Last week Donald Trump gave environmentalists a ray of hope when he told the New York Times that he believes there is some “connectivity” between human industrial activity and global warming—and that he is keeping an “open mind” on what to do about the Paris climate accord. No doubt President Obama has been harping on the importance of staying in the Paris fold for the sake of planetary health and keeping in the good graces of the rest of the world, let alone the economic benefits of leadership in the clean tech and renewable energy sectors.
But with Myron Ebell, the former tobacco industry lobbyist turned climate denier, still at the helm of the Environmental Protection Agency (EPA) transition, environmentalists’ fingers remain firmly crossed. Trump’s meetings this week with two candidates for the cabinet-level post of EPA administrator may have allayed initial fears that Ebell would keep that job for himself. But even if Ebell isn’t running EPA come January, Trump’s final picks may not be any better for the environment.
According to sources inside the transition team, one of the leading contenders for the EPA job is Oklahoma Attorney General Scott Pruitt, who has spearheaded the legal fight against Obama’s Clean Power Plan which would slash carbon dioxide output from electrical power plants by 32 percent within a quarter century — and is a key piece of the U.S. plan to meet emissions reduction goals set forth under the Paris climate accord. Last spring, Pruitt rallied attorneys general from 26 other states to join him in suing the federal government to block the Clean Power Plan, set to go into effect in 2017. The case is currently being deliberated in the DC Court of Appeals and will likely make its way to the Supreme Court.
Pruitt’s antipathy towards the Clean Power Plan stems from a long-held political belief that individual states, not the federal government, should be responsible for the enactment and enforcement of environmental regulations. Pruitt also believes the plan will drive up the cost of electricity for everyone, disproportionately burdening the poor who already spend upwards of 60 percent of their income on energy costs. He cites an Energy Venture Analysis study estimating that the proposed rule would increase the typical household’s annual electricity and natural gas bills by $680, or 35 percent, by 2020, rising each year thereafter as more stringent regulations are phased in.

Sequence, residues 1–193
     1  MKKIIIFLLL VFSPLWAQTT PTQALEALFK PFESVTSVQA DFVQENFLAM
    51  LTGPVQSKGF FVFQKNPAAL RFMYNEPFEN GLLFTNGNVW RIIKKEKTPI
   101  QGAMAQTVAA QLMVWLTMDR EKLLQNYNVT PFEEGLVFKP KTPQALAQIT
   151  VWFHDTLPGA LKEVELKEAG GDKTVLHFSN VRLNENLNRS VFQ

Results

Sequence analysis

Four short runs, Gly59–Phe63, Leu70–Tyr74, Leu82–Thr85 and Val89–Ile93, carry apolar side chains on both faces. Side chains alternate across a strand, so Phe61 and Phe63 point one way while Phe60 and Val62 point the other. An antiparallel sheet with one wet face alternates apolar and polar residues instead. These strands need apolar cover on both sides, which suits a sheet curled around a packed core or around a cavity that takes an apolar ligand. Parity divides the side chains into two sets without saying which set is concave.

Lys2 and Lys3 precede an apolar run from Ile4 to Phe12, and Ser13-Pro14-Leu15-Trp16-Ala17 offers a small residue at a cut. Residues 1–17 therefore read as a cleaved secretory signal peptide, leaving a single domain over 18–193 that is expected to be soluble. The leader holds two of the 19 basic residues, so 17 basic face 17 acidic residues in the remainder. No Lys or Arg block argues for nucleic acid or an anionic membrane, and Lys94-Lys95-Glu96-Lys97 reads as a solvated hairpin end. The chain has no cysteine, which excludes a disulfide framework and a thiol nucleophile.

Yet another finalist for the EPA administrator role is former Texas environmental regulator Kathleen Hartnett White, who no doubt made her way onto the short list thanks to her repeated calls for restraining “the imperial EPA.” As chair of the Texas Commission on Environmental Quality from 2003-2007, Hartnett White proved herself no friend to environmentalists by siding with industry at every turn despite environmental concerns, culminating in the greenlighting of the controversial Oak Grove coal power plant despite its lack of compliance with new pollution control standards.
Since those heady days running TCEQ, Hartnett White has been running the Texas Public Policy Foundation’s Armstrong Center for Energy & the Environment, a conservative think tank funded by ExxonMobil, Chevron and the Koch brothers, among others.
According to the Texas Observer, White considers efforts to curb greenhouse gas emissions “futile” and thinks that “carbon dioxide has none of the attributes of a pollutant.” She has called climate change a “dogmatic claim of ideologues and clerics” and blames natural variability and solar activity for rising global temperatures.
She also has stated that “fossil fuels dissolved the economic justification for slavery” and that the UN advocates for communism as “the only system of government which effectively would reduce carbon dioxide.” Trump insiders say Hartnett White is also reportedly being considered for Interior Secretary, so either way it looks like she may have the ear of the Donald.
It’s unclear who else might be on Trump’s short list for EPA or when the decision will be made, but from the looks of the field of candidates so far, environmentalists are bracing for a very long four years.